TRADE-DEFICIT REFLECTS AMERICAN PROSPERITY
May 27, 2004
One of the enduring myths of economics is that trade deficits are an indicator of poor economic performance and should be avoided. Economist and syndicated columnist Larry Kudlow says strong American imports actually show economic strength and, despite the figures, few have noticed the spectacular performance of U.S. exports, a key recovery indicator.
According to Kudlow:
- The United States has run a sizable trade gap for nearly 25 years, even while the economy has prospered: low unemployment, low interest rates and low inflation.
- The $46 billion trade gap for March reflects imports of industrial supplies and capital goods fueling business expansion and job creation at home, which have increased by 10.5 percent and 16.5 percent over the last year.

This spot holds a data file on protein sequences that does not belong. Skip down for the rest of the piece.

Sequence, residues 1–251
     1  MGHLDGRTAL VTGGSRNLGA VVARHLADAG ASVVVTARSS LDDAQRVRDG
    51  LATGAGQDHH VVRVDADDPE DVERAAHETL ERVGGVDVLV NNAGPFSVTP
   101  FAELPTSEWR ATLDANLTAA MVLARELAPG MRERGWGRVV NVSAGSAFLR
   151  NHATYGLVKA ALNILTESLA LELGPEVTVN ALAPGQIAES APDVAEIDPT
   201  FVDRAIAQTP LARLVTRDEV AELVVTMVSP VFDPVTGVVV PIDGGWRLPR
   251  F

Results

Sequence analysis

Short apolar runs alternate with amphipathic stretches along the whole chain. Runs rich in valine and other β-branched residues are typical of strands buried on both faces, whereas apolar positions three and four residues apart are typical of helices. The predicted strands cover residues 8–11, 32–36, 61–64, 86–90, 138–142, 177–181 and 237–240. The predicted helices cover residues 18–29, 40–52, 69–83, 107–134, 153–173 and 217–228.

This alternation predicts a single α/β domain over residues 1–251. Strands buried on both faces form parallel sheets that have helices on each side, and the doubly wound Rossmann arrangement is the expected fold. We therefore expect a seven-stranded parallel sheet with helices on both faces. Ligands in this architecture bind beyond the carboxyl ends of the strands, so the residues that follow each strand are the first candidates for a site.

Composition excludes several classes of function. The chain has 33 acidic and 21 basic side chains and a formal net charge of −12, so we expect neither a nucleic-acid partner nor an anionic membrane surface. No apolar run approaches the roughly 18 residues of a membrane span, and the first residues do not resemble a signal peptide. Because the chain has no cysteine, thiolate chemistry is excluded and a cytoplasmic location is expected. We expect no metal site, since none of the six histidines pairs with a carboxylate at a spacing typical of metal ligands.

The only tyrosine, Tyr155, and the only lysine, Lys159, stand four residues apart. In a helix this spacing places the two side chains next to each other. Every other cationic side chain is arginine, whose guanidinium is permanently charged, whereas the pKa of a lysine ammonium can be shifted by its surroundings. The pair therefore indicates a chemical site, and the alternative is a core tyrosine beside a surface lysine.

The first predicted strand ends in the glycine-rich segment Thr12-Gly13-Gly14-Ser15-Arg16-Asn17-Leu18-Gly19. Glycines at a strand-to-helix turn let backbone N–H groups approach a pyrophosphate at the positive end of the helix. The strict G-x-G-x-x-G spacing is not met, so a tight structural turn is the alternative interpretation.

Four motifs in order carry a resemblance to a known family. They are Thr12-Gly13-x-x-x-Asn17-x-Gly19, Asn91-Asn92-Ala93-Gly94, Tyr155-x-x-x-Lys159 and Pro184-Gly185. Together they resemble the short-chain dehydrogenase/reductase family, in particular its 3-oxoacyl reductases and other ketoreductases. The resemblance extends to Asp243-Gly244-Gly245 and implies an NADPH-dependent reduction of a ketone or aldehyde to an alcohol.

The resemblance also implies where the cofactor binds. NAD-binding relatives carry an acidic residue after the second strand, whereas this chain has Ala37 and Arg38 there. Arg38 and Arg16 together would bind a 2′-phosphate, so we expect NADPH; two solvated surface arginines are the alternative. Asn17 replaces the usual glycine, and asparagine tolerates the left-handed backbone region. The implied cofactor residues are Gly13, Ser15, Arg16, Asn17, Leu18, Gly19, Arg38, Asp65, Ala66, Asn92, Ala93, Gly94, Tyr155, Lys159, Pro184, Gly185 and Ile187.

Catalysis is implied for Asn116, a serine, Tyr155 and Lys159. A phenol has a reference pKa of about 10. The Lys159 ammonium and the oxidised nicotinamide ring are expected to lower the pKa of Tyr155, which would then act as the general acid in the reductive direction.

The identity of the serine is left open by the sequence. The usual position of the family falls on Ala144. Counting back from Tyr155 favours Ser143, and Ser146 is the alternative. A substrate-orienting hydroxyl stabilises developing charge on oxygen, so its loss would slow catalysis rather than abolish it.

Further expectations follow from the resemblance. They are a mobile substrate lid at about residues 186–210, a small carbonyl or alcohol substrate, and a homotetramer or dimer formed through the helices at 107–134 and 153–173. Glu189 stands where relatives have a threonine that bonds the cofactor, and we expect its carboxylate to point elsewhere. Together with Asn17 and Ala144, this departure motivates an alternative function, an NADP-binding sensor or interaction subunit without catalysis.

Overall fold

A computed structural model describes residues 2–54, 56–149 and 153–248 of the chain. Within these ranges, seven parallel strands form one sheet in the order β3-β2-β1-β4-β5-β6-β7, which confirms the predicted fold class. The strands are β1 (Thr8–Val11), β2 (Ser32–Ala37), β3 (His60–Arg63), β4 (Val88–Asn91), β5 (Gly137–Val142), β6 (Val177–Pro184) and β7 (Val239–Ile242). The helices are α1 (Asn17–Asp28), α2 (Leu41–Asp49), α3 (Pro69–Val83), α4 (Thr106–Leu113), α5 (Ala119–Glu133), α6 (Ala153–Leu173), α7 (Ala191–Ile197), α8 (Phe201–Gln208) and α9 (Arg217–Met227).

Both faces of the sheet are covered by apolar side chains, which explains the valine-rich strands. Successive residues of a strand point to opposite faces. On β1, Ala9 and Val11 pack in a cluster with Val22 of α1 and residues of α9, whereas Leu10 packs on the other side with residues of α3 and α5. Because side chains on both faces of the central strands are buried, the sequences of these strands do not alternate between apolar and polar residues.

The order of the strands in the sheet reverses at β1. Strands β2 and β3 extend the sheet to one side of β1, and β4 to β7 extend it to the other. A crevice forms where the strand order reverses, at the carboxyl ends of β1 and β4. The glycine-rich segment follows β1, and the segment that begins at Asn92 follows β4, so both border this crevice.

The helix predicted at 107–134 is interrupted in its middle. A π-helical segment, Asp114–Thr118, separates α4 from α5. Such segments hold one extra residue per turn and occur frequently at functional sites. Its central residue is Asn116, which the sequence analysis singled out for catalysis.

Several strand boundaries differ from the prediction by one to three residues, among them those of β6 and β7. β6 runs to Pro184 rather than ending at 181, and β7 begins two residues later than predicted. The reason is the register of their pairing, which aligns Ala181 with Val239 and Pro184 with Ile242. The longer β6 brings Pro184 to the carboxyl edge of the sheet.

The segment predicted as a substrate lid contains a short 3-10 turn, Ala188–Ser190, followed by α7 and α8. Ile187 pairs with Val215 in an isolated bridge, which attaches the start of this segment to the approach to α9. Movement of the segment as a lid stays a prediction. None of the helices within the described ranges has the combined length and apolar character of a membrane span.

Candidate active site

- Even still, for the 12 months ending in March, total exports of goods and services increased by 14.6 percent, forged in rapid technology gains and record productivity.
- When measured on a 12-month basis, total exports are growing slightly faster (11.8 percent) than total imports (11.3 percent).
Kudlow says balancing the U.S. trade deficit is a steady flow of foreign capital into America's high-return economy. Last year, net private capital inflows were $370 billion as compared to a current account deficit for goods and services of $490 billion. Kudlow argues the difference is a statistical discrepancy, likely government undercounting of small-business exports.
Source: Larry Kudlow, "Trade-Deficit Trash Talk," Townhall.com, May 16, 2004.
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